10 years ago

@Alexandria… If you asked me to go on a cruise vacation with you, I might tell you I couldn’t afford it. That’s only partially true– I have other things that I want to spend money on than going on a cruise with you and your family. I could afford cruising with you, but it would mean giving up additional savings. And I’m sorry, but I just don’t like you that much, as nice as you may be. Of course, socially it is easier to focus on the “I can’t afford it” than “I just don’t want to spend time with… Read more »

Cam
Cam
10 years ago

Is it just me or are the post orders are reversed?

Dustin | Engaged Marriage
Dustin | Engaged Marriage
10 years ago

@JimmyV – Thanks! I would love to come back and write more on balancing further financial goals with family obligations…if J.D. will have me. 🙂

@KP – Thanks for the kind words. I totally agree with your synopsis and I also hope that someone will find real inspiration from this post.

@William – We used a similar spreadsheet method for years with a lot of success. We recently switched to You Need A Budget and have found it to be really helpful in staying organized with less of a time commitment.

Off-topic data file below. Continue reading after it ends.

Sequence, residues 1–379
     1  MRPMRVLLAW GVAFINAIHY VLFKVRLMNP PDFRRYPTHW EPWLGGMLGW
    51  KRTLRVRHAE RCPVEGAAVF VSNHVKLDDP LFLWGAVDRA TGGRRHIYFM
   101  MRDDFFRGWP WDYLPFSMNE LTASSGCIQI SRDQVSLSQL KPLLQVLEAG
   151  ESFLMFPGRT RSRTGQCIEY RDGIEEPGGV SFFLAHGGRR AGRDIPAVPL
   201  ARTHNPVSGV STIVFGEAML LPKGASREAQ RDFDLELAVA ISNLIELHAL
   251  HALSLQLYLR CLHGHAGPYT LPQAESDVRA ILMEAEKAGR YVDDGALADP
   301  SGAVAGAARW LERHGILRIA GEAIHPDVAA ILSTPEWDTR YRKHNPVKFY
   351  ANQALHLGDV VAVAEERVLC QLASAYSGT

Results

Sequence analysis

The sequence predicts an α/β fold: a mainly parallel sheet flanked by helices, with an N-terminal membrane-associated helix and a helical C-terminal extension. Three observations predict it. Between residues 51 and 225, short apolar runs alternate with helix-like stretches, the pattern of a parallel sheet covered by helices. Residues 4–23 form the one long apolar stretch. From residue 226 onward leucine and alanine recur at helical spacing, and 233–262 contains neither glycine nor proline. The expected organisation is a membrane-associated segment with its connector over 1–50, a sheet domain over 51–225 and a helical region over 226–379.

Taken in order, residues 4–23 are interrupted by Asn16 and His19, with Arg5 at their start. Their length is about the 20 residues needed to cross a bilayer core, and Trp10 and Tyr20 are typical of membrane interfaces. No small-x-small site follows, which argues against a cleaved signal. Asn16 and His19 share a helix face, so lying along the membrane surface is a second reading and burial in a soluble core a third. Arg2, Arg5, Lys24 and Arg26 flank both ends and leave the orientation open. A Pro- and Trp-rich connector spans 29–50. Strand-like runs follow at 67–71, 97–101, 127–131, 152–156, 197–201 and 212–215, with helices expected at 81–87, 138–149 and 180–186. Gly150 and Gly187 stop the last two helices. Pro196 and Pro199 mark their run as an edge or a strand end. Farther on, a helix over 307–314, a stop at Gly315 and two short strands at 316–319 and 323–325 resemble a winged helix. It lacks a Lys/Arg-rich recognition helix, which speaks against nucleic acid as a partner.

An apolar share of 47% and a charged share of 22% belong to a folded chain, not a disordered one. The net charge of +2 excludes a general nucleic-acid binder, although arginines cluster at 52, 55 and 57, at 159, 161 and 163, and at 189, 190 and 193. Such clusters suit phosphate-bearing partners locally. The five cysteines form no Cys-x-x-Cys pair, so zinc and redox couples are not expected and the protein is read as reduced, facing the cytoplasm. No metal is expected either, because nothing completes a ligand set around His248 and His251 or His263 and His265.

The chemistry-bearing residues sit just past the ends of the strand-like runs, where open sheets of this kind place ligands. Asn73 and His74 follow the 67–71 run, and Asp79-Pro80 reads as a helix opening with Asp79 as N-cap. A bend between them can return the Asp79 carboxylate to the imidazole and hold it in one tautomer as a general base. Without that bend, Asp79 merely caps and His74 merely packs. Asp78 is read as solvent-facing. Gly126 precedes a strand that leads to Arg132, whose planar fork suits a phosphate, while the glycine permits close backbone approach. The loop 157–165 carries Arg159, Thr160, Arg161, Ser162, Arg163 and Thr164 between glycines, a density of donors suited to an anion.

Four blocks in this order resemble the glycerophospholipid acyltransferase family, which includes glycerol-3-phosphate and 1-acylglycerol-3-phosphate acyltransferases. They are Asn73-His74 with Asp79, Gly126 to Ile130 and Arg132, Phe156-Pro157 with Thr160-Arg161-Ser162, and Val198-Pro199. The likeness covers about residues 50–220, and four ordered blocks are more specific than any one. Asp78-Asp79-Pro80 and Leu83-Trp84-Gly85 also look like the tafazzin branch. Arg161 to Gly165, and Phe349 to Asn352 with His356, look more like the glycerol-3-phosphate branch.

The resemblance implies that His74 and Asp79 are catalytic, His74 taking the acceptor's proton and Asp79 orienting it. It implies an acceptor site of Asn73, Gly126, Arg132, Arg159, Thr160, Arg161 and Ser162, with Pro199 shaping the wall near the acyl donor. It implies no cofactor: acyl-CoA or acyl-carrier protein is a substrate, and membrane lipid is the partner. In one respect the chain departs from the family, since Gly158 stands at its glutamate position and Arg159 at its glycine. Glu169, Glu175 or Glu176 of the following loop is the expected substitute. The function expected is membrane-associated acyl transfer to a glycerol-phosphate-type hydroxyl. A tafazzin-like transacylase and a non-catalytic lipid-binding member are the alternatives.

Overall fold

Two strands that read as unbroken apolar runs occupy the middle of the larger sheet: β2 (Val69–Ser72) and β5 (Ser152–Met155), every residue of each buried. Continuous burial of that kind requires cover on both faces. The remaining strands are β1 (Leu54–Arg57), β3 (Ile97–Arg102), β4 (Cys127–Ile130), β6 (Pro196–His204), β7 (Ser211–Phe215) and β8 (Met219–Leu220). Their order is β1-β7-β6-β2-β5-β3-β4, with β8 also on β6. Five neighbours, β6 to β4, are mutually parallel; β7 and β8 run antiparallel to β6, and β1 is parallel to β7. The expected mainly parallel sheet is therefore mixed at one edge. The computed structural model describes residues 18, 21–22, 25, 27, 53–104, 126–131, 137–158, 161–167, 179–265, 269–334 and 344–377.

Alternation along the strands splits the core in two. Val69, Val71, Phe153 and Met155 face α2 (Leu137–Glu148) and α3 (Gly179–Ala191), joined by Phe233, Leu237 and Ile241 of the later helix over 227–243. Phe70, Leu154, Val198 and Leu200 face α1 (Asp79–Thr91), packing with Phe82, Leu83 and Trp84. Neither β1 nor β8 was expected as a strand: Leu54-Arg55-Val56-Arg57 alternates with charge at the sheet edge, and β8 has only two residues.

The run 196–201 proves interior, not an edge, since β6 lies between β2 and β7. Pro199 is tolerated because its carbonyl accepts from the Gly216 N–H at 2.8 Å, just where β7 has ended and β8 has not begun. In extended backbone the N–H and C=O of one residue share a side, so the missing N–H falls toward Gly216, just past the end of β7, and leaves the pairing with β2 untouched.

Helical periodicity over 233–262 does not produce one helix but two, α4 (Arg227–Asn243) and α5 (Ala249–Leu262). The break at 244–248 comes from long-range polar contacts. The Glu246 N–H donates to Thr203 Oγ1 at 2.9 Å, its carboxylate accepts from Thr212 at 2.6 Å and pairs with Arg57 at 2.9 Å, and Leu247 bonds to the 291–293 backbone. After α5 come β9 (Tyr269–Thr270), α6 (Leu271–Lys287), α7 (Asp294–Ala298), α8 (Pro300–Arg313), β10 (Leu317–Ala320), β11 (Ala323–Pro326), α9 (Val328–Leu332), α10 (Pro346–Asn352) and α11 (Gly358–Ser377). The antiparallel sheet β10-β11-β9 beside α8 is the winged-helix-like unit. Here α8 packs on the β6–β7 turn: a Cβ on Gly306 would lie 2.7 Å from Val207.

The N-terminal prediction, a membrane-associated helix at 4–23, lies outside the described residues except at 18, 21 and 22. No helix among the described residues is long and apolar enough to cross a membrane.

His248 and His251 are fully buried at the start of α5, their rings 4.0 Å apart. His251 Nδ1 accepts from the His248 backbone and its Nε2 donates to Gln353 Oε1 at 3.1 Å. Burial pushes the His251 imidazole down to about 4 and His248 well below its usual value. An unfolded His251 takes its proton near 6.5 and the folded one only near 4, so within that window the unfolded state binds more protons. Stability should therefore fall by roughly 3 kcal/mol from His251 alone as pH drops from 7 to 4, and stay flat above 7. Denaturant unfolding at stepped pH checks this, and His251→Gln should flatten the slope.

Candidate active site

Dustin | Engaged Marriage
Dustin | Engaged Marriage
10 years ago

@Donna – Thanks so much for making that distinction. These issues certainly apply for anyone with “life” commitments and not just those with children.

@Money Smarts – Thanks…and Amen to your comments!

@chacha1 – Excellent points and suggestions! If you spend much time at Engaged Marriage, you’ll quickly see that I have a rather counter-cultural view of lifestyle design and of course views on marriage are a big part of that. It’s a fight against the sometimes unhealthy “aspirational” views that we all hold (myself included) that fuels a lot of my passion for these topics.

CERB
CERB
10 years ago

Yes, the post orders have been reversed for a couple of days now. It makes it harder to refer to previous comments. Hope that gets straightened out soon.

Great post by the way!

Dustin | Engaged Marriage
Dustin | Engaged Marriage
10 years ago

@Budgeting in the Fun Stuff – I totally agree, and my wife and I have seen acceleration in our financial success as we’ve grown (proactively) to get more and more on the same page.

@Nicole – Well said!

@Cam – Yep, it looks like the new comments are appearing at the top. Maybe this is by design to encourage more comments that don’t get lost in shuffle?

Dustin | Engaged Marriage
Dustin | Engaged Marriage
10 years ago

@CERB – Thanks for the props! And I must say I’m doing my best to keep up and respond as I value every comment, but this format is a bit confusing. 😉

But I think I’ve hit them all so far!

Chett
Chett
10 years ago